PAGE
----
Snow days leave Grandma in snow daze
It was finally to arrive -- the much-anticipated snow we had all been dreaming about and singing about weeks before Christmas. It was coming with much fanfare from the weather stations and set off a flurry of shopping for firewood, gasoline and groceries.
We were all prepared to "hunker down" and get snowbound -- at least hoping to. The excitement of the kids the evening before was palpable at Eudora's Holy Family Catholic Church when they were dismissed from their Wednesday evening religion classes. The snow was beginning to fall, and dreams of a snow day and sledding were already dancing in their heads.
And so it came and continued through the night. I woke about 2 a.m. and saw snow still falling through the dim street light and returned to my warm quilt, hoping that all the homeless also had a warm quilt that night. I awakened again to the gray light of morning that soon vanished and became the intense light that comes only with snow and invades every corner of your house. Looking at several inches of snow that was drifting across my yard and driveway, I decided it was too soon to shovel and would concentrate on some cleaning because I was, in a sense, snowed in.
Have you noticed how snow light exposes every dark corner of the house -- the cobwebs, fingerprints on all kitchen surfaces, and even the dirt in that tiny place between the cabinet and the refrigerator?
My cleaning fit lasted only a short time before grandsons Parker and Gabe -- one of the three G's in my life -- descended upon me, sent to help me shovel out. It seemed the boys had been up since 5:30 a.m. in their anticipation of a snow day and had already been into much mischief at home.
Shoveling snow and Gramma's seemed just the ticket to expel some of that "evil energy." They came complete with shovels, many layers of clothing, and a backpack full of Play Station equipment, just in case they got a break from shoveling.
And so we shoveled. There were many breaks for throwing snow, fighting over shovels and occasional trips into the house -- sneaking in for a few minutes of video games. Meanwhile, Gramma was on duty and having a hard time keeping everyone on task.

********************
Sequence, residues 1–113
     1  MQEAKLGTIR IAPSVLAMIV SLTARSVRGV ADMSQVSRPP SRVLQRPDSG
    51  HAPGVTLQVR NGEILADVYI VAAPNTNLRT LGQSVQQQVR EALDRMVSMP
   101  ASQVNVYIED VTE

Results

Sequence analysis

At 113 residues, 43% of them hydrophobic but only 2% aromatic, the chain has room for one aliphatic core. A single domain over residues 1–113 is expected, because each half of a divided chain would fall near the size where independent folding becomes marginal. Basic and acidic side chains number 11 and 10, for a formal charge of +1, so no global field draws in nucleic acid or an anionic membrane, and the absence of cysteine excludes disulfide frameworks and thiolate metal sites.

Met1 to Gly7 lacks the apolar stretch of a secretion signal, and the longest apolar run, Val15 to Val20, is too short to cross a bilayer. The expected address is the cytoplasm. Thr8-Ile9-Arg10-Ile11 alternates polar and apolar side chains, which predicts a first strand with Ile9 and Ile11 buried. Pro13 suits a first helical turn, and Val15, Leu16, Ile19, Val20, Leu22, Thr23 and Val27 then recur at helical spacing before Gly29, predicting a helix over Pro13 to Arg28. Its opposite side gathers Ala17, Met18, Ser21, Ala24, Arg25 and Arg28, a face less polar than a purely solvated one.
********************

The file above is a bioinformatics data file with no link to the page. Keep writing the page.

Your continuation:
Finally it was done. Hiding the fact that the bones were aching and muscle spasms were also on their way, I got the call that we were all adjourning from our tasks to play, which in this case meant sledding down the hill at Kansas University.
Have you ever tried to park at KU on a good day, let alone a snow day? Finding a parking space at the bottom of the hill, I began the long trek up toward the campanile. Arriving halfway up the hill, I was met by the second and third G's (Grant and Garrett), who were already cavorting up and down the hill.
I was told I had forgotten one of the G's sleds. Now is the time of my second "near-death" experience, the first time being when I lost my windshield wipers in a rainstorm coming home from the lake one summer. Climbing the hill for a second time, breathing deeply and trying to look nonchalant, I asked upon arriving, "Is it time to go home yet?"
Home means home to fulfill my promise to watch "The Lord of the Rings." After my oldest grandson's explanation of the characters, who obviously never saw the inside of a bathroom or barber shop and after finally immersing myself in the story I was told that it was "to be continued," a cruel trick of the movie industry to make a few more million bucks.
Evening comes. I try to watch an old favorite movie, but keeping the eyes open is impossible. I awake briefly to watch Charlie Rose on PBS at 10:30, but the eyes close again before finding out the latest strategy on the proposed war we are already fighting -- at least in the headlines.
Philosophical thoughts on snow day: Happy to have survived another "near death" experience, loved the snow, loved the time with grandsons. Next time I'll catch up on cleaning. Maybe.